• A61B5/683Means for maintaining contact with the body
    • A61B5/6831Straps, bands or harnesses
    • AHUMAN NECESSITIES
    • A61MEDICAL OR VETERINARY SCIENCE; HYGIENE
    • A61BDIAGNOSIS; SURGERY; IDENTIFICATION
    • A61B2560/00Constructional details of operational features of apparatus; Accessories for medical measuring apparatus
    • A61B2560/04Constructional details of apparatus
    • A61B2560/0443Modular apparatus
    • A61B2560/045Modular apparatus with a separable interface unit, e.g. for communication
    • AHUMAN NECESSITIES
    • A61MEDICAL OR VETERINARY SCIENCE; HYGIENE
    • A61BDIAGNOSIS; SURGERY; IDENTIFICATION
    • A61B2562/00Details of sensors; Constructional details of sensor housings or probes; Accessories for sensors
    • A61B2562/16Details of sensor housings or probes; Details of structural supports for sensors
    • A61B2562/17Comprising radiolucent components
    • AHUMAN NECESSITIES
    • A61MEDICAL OR VETERINARY SCIENCE; HYGIENE
    • A61BDIAGNOSIS; SURGERY; IDENTIFICATION
    • A61B5/00Detecting, measuring or recording for diagnostic purposes; Identification of persons
    • A61B5/0002Remote monitoring of patients using telemetry, e.g. transmission of vital signals via a communication network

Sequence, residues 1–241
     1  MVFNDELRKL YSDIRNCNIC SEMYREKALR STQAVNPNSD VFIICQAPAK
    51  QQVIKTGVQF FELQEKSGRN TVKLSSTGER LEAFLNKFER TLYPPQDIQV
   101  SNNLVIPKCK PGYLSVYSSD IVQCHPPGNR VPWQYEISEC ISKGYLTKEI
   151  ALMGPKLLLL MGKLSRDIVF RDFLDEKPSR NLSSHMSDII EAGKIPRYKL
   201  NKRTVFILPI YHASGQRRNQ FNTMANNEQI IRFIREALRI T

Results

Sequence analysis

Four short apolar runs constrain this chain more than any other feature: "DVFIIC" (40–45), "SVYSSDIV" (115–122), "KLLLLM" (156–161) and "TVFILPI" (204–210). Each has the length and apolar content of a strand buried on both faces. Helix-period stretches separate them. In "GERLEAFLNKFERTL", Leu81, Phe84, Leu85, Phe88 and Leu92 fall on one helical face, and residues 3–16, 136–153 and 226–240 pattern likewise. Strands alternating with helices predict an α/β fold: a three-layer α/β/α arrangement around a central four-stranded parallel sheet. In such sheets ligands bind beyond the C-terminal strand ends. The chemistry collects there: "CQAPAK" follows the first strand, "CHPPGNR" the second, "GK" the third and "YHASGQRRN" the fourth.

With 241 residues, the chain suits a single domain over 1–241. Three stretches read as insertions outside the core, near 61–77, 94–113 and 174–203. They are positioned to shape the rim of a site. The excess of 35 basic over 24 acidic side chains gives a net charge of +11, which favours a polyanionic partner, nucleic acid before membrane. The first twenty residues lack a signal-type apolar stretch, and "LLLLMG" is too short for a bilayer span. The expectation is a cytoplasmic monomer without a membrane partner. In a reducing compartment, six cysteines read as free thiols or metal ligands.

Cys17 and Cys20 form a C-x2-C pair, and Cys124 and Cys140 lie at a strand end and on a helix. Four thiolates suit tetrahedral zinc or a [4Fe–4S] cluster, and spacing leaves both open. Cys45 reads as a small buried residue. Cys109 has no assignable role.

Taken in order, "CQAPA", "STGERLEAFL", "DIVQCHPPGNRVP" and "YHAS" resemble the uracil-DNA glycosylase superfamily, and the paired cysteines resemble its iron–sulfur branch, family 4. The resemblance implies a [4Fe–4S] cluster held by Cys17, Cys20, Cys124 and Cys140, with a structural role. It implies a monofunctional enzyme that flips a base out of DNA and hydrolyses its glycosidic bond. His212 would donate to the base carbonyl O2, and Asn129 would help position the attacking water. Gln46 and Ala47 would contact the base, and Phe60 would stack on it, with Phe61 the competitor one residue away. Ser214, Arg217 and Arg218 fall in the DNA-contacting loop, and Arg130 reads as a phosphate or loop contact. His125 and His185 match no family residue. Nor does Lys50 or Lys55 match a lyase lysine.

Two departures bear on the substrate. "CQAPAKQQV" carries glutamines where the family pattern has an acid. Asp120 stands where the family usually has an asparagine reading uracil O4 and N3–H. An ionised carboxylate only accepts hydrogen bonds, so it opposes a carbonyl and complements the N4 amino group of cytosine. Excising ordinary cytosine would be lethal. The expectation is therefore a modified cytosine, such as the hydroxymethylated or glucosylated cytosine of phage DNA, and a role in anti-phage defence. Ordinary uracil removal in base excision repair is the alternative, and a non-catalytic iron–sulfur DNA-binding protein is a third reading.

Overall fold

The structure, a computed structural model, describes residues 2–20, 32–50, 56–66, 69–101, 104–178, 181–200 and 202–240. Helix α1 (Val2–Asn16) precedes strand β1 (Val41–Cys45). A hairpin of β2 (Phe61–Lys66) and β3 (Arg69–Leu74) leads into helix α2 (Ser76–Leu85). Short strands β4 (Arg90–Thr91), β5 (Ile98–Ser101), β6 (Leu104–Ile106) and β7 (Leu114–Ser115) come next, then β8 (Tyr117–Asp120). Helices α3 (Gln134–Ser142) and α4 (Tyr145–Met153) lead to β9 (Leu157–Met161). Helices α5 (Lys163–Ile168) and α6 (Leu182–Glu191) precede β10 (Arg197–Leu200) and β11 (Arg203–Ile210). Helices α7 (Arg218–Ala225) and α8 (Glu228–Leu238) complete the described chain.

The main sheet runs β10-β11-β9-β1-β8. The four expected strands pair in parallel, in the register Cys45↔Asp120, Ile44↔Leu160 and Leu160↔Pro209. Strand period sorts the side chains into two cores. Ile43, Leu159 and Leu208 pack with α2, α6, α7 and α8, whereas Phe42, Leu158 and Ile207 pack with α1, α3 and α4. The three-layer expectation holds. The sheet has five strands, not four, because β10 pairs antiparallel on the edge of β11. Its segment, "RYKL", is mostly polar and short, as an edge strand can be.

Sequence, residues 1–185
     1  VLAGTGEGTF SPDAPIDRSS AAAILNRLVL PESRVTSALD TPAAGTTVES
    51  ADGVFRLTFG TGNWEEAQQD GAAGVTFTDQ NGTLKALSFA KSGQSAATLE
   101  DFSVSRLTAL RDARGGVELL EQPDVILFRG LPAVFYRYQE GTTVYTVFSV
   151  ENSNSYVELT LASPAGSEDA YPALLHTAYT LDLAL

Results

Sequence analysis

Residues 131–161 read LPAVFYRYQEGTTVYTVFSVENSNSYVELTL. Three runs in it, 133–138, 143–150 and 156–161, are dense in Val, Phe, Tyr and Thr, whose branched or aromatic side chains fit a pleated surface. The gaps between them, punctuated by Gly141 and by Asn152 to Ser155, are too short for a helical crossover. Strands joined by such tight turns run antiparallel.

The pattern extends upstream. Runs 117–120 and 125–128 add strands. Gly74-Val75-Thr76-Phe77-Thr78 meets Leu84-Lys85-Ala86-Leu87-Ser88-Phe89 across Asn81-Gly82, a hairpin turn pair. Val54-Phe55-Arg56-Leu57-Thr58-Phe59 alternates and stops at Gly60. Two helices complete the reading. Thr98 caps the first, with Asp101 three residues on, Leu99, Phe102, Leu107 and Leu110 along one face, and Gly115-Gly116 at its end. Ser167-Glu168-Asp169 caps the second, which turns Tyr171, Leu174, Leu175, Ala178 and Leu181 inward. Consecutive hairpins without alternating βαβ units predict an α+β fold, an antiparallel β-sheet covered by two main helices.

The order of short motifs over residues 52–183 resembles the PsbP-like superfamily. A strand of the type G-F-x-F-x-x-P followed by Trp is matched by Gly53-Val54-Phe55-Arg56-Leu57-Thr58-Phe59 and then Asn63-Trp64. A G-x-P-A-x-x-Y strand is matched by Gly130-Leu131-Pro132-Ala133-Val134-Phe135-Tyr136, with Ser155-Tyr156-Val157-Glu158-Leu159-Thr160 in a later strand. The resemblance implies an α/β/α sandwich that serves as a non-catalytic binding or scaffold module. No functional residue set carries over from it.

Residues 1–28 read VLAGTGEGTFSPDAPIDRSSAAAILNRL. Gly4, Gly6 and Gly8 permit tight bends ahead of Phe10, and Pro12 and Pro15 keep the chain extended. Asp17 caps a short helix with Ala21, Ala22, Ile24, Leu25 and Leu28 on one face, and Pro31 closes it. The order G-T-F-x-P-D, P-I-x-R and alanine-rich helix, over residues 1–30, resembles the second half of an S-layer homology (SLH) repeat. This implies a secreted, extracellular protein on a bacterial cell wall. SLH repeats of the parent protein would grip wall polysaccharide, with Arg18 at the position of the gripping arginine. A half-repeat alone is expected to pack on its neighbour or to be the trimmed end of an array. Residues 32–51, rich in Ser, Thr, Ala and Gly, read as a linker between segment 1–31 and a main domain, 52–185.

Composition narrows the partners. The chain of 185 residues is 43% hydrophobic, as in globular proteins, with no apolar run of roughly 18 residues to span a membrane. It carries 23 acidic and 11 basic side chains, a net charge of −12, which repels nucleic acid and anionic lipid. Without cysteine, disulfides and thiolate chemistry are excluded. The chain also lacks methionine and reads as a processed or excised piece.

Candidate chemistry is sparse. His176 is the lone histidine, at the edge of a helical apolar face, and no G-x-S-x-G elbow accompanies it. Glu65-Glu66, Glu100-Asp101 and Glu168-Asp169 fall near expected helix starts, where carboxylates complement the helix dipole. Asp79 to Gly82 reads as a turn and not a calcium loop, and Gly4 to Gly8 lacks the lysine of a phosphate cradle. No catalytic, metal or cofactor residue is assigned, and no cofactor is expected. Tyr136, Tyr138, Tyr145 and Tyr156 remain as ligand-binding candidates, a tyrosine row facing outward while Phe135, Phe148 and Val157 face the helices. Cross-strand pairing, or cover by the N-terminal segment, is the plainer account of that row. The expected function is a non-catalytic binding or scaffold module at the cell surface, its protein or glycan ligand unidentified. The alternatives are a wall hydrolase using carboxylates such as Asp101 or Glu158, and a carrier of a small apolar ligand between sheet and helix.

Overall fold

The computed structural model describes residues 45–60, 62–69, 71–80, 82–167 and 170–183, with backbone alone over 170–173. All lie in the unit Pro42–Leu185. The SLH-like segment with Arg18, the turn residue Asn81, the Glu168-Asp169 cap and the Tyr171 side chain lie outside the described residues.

• A61B5/0004Remote monitoring of patients using telemetry, e.g. transmission of vital signals via a communication network characterised by the type of physiological signal transmitted
    • A61B5/0006ECG or EEG signals

Description

    FIELD
  • The present disclosure generally relates to a biomedical sensor system, and particularly, to a biomedical sensor system comprising connectors of variable length.
  • BACKGROUND
  • Therapeutic and diagnostic medical procedures utilize equipment capable of processing signals that are received from a subject or are delivered to a subject. In these procedures, the interface between the subject and the applicable equipment typically includes a sensor. Some sensors, for example, are in the form of electrodes constructed to include a conductor connected electrically to the medical equipment and a conductive medium that is adapted for contact (e.g., with an adhesive) with the subject (e.g., a subject's skin).
  • US 2002/0072682 A1 discloses a method and system for wireless ECG monitoring. An electrode connector, transmitter and receiver operate with existing electrodes and ECG monitors.
  • US 5,341,806 A relates to an electrode strip for use in electro-cardiography comprising a flexible and substantially inextendible substrate.
  • US 5,813,979 A is directed to a portable EKG machine having a plurality of individually storable electrode leads, each of which may be selectively moved from a retracted position to an extended position.
  • US 2004/0236202 A1 discloses an assembly that incorporates an expandable strap for use in electrical impedance tompography. The strap is adapted to be mounted onto the body of a patient.
  • US 5,511,553 A relates to a device, system and method for monitoring continuously and simultaneously multiple physiological parameters from a patient, with a precordial strip-patch.
  • US 6,205,346 B1 relates to an electrode apron for ECG which is comprised of an apron cast from flexible material to be placed over the chest of the patient.
  • SUMMARY
  • The invention is defined by the independent claims. The dependent claims define advantageous embodiments.